Block on Trump's Asylum Ban Upheld by Supreme Court
There's an endless supply of cute cat pics on Instagram. Facebook is great for finding out what your aunt thinks about Donald Trump. And Twitter is -- well, Twitter is still figuring things out.
But, while we use social media to connect, communicate, and consumer, these websites and services are actively changing the way we litigate, offering new sources of evidence and raising novel ethical issues.
From Friending Jurors to Tweeting at Judges
Social media platforms can be important research tools. Challenging a worker's compensation claim? A quick hunt through Facebook can show that your injured ex-employee was actually out riding her four wheeler through the forest, not lying immobile on her couch. More than one divorce settlement has been made after a client's social media account became public. In some fields, social media has become the de facto source of litigation evidence.
But social media also raises important ethical issues for lawyers. For example, lawyers in a longstanding dispute between Google and Oracle were recently asked to disclose the extent of their online research into potential jurors. U.S. District Judge William Alsup asked for the disclosure after he realized the attorneys wanted extra time to review juror questionnaires so that they could "scrub Facebook, Twitter, LinkedIn, and other Internet sites to extract personal data on the venire."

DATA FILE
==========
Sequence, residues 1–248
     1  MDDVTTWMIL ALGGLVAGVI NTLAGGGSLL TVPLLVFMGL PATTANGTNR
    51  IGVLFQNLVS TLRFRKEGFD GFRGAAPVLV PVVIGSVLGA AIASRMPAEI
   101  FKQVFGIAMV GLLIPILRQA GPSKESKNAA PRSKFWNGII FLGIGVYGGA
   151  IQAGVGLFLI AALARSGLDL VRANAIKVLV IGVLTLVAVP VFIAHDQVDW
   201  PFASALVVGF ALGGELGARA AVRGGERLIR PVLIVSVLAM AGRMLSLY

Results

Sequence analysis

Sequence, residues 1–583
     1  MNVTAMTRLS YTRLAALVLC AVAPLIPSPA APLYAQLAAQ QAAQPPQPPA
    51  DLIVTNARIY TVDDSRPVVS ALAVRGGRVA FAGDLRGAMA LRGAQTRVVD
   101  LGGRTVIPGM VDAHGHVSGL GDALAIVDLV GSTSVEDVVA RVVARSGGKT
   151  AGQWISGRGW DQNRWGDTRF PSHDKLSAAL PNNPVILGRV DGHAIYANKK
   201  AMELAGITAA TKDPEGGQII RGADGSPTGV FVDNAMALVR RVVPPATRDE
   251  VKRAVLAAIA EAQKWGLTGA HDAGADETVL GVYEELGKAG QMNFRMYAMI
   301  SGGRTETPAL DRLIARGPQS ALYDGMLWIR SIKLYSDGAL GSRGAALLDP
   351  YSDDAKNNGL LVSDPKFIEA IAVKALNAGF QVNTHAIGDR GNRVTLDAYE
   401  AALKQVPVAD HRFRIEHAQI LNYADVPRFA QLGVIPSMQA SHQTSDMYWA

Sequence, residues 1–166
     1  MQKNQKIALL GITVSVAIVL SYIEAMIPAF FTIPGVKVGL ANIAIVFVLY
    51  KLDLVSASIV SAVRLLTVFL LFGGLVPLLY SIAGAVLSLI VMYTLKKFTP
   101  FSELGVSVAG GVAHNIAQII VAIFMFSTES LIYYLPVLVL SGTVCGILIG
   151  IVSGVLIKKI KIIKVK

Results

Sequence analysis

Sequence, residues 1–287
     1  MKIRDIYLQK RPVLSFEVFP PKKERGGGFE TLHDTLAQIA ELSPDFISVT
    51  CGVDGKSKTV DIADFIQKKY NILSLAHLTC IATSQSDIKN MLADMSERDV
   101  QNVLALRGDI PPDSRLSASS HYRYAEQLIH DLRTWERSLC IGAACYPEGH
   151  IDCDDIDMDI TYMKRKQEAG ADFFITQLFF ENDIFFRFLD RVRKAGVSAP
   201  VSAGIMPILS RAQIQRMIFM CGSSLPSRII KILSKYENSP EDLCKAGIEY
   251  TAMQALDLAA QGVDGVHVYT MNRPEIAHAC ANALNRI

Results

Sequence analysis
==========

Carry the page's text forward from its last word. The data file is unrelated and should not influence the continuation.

Such searches, Judge Alsup wrote, undermined the jury system. (The ABA, though, has decided that "passive review" of jurors' public social media does not violate attorney ethics.)
Aside from juror research, some have even raised objections to social media connections between attorneys and judges. In one ongoing Ninth Circuit case, petitioners are proposing that "the mere existence of social network relationships between a judge and one of the parties appearing before him creates an appearance of bias."
Using Social Media to Your Advantage
But whatever ethical questions social media use raises, they're largely outweighed by potential benefits. Social media accounts, after all, are a treasure-trove of potentially valuable evidence.
While the role of social media in litigation is still a developing field, there are plenty of helpful guides to help you take advantages of the benefits social media offers, while avoiding its pitfalls. The Social Media and Litigation Practice Guide, published by Thomson Reuters' Aspatore, for example, offers attorneys "a much-needed weapon in the arsenal of trial lawyers practicing in the Digital Age." (Disclosure: Aspatore is one of FindLaw's sister companies.)
Written by John G. Browning, one of the nation's lead authorities on social media and the law, the Social Media and Litigation Practice Guide offers everything from sample discovery requests, to ethics advice, and instructions on getting social media content admitted into evidence.
It's an essential addition to any litigator's library, now that we practice in an age where your "smoking gun" could very easily be a Facebook post.